How to Rank Content Number 1 on Google

Characteristics of content that ranks #1…

I’m working on a client site. The guy wants to rank his blog posts higher in search engines. I thought you might like to know how to rank content number 1 too.

What keywords do we want? Use Google keyword planner

Before we get to how to rank #1 for your content, we must address this question:

“What keywords do we want to rank for?”

You may be able to guess SOME of your keywords, but not all of them. I had a client in the landscaping business who once said, “I’ve been doing this 20 years, I think I know what’s important.

Yes, but what you think is important and what your client thinks may be different things.

It is key to understand what your Target Persons (some call the Avatars) are looking for and how they write their query.

There is a difference between someone searching for “landscaping in Naperville” and “landscaping design in Naperville” or simply “lawn maintenance.”

Consider buyer’s intent. Someone searching on “Lisle IL real estate” may have different needs; from wanting to buy a home or apartment complex to wondering what their home is worth. Someone who searches for “3 BR brick ranch in Downers Grove” is probably a buyer, but could be a seller looking at comparable listings.

Use the same vernacular as your prospect. They often begin a search with a question, “What is the best…” “Why…” or “How do I…”  Maybe they ask this way, “Best pizza/plumber/eye doctor/insurance agent/restaurant in Lombard” if they’re looking for local products or services.   Queries are similar when location is not important.

How do I know what keywords to target?

There are lots of ways to find out what people are searching for and I will go into more detail in a future article, but one free tool you might want to get familiar with is the Google Keyword Planner. Continue reading

How to Improve Keyword Ranking Quickly

Easy, Fast Way to Improve Site Traffic

In this article, I’m going to show you a trick for how to rank quickly for a keyword.

It’s not easy ranking for specific keywords like it once was, especially in Google. The G works diligently to improve the search experience of people using its search engine to find the content they are looking for and developed updates to their algorithms to filter out some of the tactics used to increase rankings for coveted keywords.

Focus on Long Tail Keywords

It’s much easier to rank for long-tail keywords than for broad inquiries. It would be difficult to rank for the term “Real Estate,” especially on page one or even page two.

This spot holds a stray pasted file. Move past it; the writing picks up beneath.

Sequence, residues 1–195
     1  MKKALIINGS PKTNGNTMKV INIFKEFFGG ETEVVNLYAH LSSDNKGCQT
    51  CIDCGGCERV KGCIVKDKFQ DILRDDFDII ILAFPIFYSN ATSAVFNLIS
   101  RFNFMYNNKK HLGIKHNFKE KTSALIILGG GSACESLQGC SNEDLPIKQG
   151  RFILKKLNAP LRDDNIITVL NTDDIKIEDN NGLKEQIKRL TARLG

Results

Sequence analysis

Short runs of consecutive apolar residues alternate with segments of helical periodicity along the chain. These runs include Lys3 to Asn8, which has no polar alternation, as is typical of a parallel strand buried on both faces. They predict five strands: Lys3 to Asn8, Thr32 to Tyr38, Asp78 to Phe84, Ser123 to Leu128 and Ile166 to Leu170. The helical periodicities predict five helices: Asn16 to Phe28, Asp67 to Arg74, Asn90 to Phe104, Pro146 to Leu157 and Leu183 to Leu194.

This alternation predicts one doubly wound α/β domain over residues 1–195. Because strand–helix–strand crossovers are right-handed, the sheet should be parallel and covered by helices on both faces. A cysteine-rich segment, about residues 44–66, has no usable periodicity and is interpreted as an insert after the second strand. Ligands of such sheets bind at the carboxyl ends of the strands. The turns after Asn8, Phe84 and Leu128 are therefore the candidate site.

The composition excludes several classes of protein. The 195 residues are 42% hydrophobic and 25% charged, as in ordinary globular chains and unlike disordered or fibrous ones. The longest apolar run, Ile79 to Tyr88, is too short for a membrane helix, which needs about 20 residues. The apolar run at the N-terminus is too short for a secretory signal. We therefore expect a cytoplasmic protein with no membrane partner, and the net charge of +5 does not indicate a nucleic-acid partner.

Narrowing it down, someone searching for the term “Naperville Real Estate” might have different needs and therefore motives. It could be a buyer, seller or someone simply interested in what their house is worth. “3 bedroom brick ranch in Naperville.” is much more specific, but it might be used by a buyer or seller. You need to match the visitor’s intent.

Another example might be the keywords, “Golf,” “Golf clubs,” “Wilson golf clubs” and “Wilson Profile XLS Full Set.” Optimizing as specifically as possible is easier to win (although not necessarily easy, depending on the niche).

People are using longer and longer keyword strings. They’ve learned how to get the information they’re looking for by searching smarter and they are using more of a natural language query.

In some niches it is now becoming difficult to rank for 2 and 3-word phrases. And Google’s John Wiley says that 15% of their daily search traffic is for terms that have never been queried before. This is due, in part, to people using mobile devices to find products and services. They may have searched for “Chicago deep dish pizza,” but now they might ask Siri or Cortana, “What’s the best deep dish pizza in Chicago?” (That’s an 8-word long-tail keyword query)

How to Quickly Rank for a Keyword

Some recommend optimizing each page for a specific keyword or 2-3 tightly related keywords. We have seen success with that approach, but we also recommend using similar terms in your page content. Don’t be too rigorous about your focus keyword.

One of the fastest ways to increase targeted visitors to your website organically is to determine what phrases you rank for on the 2nd page (positions 11-20) and work to get those rankings to the top 10.

What phrases are we ranking for? In Google Analytics, go to Acquisition->Search Engine Optimization->Queries. (This data used to be in Google Webmaster Tools, now referred to as Search Console and you must have Search Console integrated with Google Analytics.)

See your phrases and rankings.

google analytics average position

Improve search ranking for positions 11+Click on Average Position to sort from position 1 on up.  Hopefully, you’ll have lots of key phrases with an average position of 1-10.